Regrettably, the inaccessibility of many archival collections in today’s Russia automatically place limits on the conclusions the authors are able to reach.  Until Russian authorities raise the seal of secrecy from numerous collections and files, we only have bits and pieces of the greater whole to consult in order to access some type of greater truth when it comes to Soviet casualties.  Therefore, as the authors themselves point out, this text is a starting point for future research.   Only after opening all formerly classified Soviet/Russian archives will historians have a chance to review the actions of both the Red Army and Wehrmacht in more detail.  With this information, they will undoubtedly reach a better understanding of how successful German operations were in 1941, why the Red Army consistently retreated and left behind hundreds of thousands of prisoners of war, and to what extent could Soviet forces have avoided the numerous sacrifices so many were forced to make.

Wednesday, September 20, 2017

Blood in the Forest: The End of the Second World War in the Courland Pocket by Vincent Hunt

I'm always interested in diving into historic accounts that try their best to tell a story few are familiar with or will ever discover without having in-depth knowledge of specific events, people, places, etc.  "Blood in the Forest" is one such account but, unfortunately, it is too often marred by a weak narrative that reads as if it was written by someone with a passing interest and knowledge of the subject at hand.  More often than not the author is interested in tugging at heartstrings rather than letting the historical record and eye witnesses speak for themselves.

This is not a straight forward chronology of events but rather the author's trips from town to town that he intersperses with historical details and discussions about the history of Latvia, the Eastern Front, the Courland Pocket, the Soviet Union, the Holocaust, collaboration, etc. As such, there is much repetition throughout.  Nevertheless, all these topics have entire libraries devoted to research done by academics, journalists, and amateurs which could have readily helped create a historical record of this period/events but on more than one occasion the source material mentioned came from various websites rather than research trips to libraries or archives.  No matter how helpful, insightful, or emotionally draining eye-witness accounts are (and some of them are quite emotional and deserve to be told and better known) there is no excuse for not contextualizing better the various events these veterans and survivors went through with at least some additional primary or even secondary research.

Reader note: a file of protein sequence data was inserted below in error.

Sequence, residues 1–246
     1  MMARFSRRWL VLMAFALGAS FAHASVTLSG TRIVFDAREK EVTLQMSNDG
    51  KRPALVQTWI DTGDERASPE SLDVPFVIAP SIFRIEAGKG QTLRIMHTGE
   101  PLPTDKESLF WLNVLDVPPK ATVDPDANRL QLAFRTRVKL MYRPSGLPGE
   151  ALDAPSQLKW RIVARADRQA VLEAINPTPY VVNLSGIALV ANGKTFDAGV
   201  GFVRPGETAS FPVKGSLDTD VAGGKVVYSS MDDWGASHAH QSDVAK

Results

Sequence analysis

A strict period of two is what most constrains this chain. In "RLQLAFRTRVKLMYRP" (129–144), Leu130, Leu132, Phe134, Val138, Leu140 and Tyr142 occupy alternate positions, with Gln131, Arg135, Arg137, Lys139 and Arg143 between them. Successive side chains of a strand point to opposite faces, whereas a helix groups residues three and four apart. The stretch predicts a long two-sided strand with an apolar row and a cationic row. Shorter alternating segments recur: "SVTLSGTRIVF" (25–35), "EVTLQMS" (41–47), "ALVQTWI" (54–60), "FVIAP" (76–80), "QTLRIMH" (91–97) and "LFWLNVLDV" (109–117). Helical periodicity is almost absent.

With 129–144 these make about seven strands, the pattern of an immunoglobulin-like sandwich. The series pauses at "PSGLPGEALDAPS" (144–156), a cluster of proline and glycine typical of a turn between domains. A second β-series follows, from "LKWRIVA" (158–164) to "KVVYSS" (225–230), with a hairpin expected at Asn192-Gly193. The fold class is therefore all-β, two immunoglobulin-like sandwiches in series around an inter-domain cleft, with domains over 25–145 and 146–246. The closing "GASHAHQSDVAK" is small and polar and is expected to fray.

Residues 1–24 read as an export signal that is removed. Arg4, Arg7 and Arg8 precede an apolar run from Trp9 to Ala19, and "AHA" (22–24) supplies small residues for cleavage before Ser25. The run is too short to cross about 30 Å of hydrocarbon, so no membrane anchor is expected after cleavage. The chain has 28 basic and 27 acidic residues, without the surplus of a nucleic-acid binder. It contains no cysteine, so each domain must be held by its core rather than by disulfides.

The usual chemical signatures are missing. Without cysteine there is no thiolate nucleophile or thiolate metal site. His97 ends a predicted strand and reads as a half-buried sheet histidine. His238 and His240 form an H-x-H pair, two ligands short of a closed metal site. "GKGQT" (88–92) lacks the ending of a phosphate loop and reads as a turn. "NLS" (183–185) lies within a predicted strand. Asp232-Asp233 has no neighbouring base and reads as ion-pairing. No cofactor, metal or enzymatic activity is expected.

With that being said, this text makes a good starting point for looking at the latter period of the war and the difficult decisions Latvians had to make as brother fought against brother because of poor luck or a fate no longer theirs to dictate.  Red Army offensives launched against the Courland pocket were bloody affairs that never achieved their set objective, only resulting in countless casualties on both sides.  Yet blame needs to be placed on those soldiers fighting on the other side as well who knew there was no hope left but still continued to take a devastating toll on their Red Army attackers, who often included Latvians in their ranks.  This is a chapter of the Second World War and the Eastern Front that defies the black and white view so many have of the war as 'good' versus 'evil.'  Here, among these pages, the reader will encounter multiple shades of gray surrounded by blood and tragedy.